A not very timely note

This was a blog I once wrote during my high school and early college years. I keep it around for nostalgic purposes, but it is quite obviously no longer updated. I am looking to make a more professional blog presence in the future, but I still like to look at where I was mentally at certain points in time.

- G. Jan 2013

Monday, January 19, 2009

"Role Models" by G.

You know, people that you look up to. Maybe you admire a certain trait of their character. Maybe you like their sense of style. Maybe you just marvel at a certain person's accomplishments in life. But what I'm going to discuss today is what the idea of a Role Model really means. Note that I don't say it's bad, but follow me for a little while here; I'll make my case.

I think that we all have role models; much of the time it's a unconscious process. It definitly begins as a kid. Usually it's some kind of famous person, athlete, T.V dude; or if you happen to be in kingergarten, your mommy and daddy. I wouldn't call these full on role models yet though, because it's more of a like than an actual ideal that you try to emulate. As we grow up, and our spectrum of thought begins to widen, we are open to more ideas and people. But what exactly is the difference between a "role model" and simply admiring someone?

Let's look at the phrase for a minute: Role Model. A role is like your part in the drama of life; a position that someone carries out the duties for. The quarterback of a football team, the tellers at a bank, the mechanics at a garage. As for models...they demonstrate and show off something. So when you pick a role model, you are choosing to have this person as your ideal for whatever role he/she plays. That's my idea of a role model... a guy who obeys the law is a good role model for being a good citizen, or a guy who handles his finances well is a good role model for being responsible. But I think that most people understand the phrase "role model" in a different way. When we call someone our role model, it seems that he/she simply demonstrates good traits in general. Isn't this simply admiration?

So which one is it? Is a role model supposed to be simply a good person in general? Or is the role model an actual "model" for whatever role they play in life? I really do think it's the latter. I don't think I have a role model, but I view certain people as role models. I would view the pilot that recently had the emergency landing in the Hudson river as a role model for the ideal pilot; brave, skilled, and calm under pressure. But a person would argue, don't we learn much of what is right and wrong through observation? Well yeah, but why do we need a role model for that? We should take the good things we observe from everyone, and toss the bad as we see fit.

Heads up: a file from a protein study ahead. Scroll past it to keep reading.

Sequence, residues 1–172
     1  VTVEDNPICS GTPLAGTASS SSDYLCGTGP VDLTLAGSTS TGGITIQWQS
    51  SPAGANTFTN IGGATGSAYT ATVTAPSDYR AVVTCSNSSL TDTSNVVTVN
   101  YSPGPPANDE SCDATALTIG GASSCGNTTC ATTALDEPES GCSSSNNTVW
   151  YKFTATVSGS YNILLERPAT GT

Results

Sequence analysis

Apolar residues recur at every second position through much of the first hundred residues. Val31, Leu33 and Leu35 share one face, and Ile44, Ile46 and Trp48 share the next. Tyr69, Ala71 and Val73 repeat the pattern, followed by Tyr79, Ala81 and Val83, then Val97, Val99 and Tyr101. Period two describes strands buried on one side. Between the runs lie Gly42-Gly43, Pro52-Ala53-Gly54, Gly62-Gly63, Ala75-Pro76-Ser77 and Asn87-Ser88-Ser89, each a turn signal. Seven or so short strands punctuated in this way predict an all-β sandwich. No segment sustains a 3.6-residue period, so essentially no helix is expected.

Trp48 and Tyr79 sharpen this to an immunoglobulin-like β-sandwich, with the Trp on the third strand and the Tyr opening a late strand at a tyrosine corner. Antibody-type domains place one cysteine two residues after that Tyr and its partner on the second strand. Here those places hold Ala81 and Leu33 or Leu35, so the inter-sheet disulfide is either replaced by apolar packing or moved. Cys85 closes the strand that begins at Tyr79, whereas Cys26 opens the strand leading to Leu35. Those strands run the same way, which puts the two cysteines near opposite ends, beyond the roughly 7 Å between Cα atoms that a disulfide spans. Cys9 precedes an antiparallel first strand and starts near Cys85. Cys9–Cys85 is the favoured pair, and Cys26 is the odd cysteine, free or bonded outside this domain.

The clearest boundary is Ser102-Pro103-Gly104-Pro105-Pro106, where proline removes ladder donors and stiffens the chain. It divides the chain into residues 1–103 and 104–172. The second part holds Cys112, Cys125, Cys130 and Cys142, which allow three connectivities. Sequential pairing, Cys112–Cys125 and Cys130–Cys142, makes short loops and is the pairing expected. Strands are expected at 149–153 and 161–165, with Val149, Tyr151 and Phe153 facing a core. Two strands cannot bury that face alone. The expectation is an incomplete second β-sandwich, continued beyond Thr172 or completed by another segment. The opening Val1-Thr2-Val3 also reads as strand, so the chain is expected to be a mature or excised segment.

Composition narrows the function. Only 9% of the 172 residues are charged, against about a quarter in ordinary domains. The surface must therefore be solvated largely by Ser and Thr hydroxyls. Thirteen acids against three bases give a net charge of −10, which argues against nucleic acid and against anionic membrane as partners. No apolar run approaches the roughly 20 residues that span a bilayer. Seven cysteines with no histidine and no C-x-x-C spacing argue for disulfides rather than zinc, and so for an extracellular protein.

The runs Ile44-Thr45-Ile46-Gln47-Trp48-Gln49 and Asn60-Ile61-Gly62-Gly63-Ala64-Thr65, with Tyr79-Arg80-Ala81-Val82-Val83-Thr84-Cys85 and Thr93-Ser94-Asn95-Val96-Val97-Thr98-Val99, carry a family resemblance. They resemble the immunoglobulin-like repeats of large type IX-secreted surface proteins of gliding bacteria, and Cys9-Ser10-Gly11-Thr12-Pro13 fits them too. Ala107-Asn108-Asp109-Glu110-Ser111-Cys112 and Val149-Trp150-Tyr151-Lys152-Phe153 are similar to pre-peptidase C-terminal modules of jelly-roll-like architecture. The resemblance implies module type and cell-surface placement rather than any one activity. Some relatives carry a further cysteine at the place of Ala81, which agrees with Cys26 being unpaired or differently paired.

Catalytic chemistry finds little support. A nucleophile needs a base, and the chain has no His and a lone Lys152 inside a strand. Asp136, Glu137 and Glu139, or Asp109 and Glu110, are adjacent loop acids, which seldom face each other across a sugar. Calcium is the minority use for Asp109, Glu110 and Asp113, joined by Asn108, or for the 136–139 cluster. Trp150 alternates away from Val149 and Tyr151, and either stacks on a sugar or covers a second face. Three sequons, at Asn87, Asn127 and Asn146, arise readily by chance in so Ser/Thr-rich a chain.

Well, there's another rambling courtesy of my headache battered brain. Leave a comment with your thoughts if you like. Til next time.


L. Venkata Subramaniam said...

I entirely agree with you we must take what is good from everyone around us.

You may be aware of the recent terror attacks in Mumbai. After the attacks even today the front page of newspapers, tv images are full of terrorists. At the same time the heroes who actually died fighting or saving lives are out of the frame and also the public conscience.

I think sometimes without meaning anything we project wrong things.

You may understand what I am trying to say better if you read this post. Today the media creates our role models. But sometimes they miss the real heroes and create wrong role models.

G. said...

Well first off, thanks for dropping in.

And I do understand what your trying to convey; giving all that coverage actually strengthens their cause, while the real heroes aren't shown their full due.

The media thrives on sensation; terrorist attacks are obisouly big news. But I wouldn't call them true role models at all; a decent person would try all avenues to get their point across that are non-violent and diplomatic first.

But you are definitly right when you say that the true heroes during these events aren't held up as high on the news spotlight as the attacks themselves.

Thanks again for your input!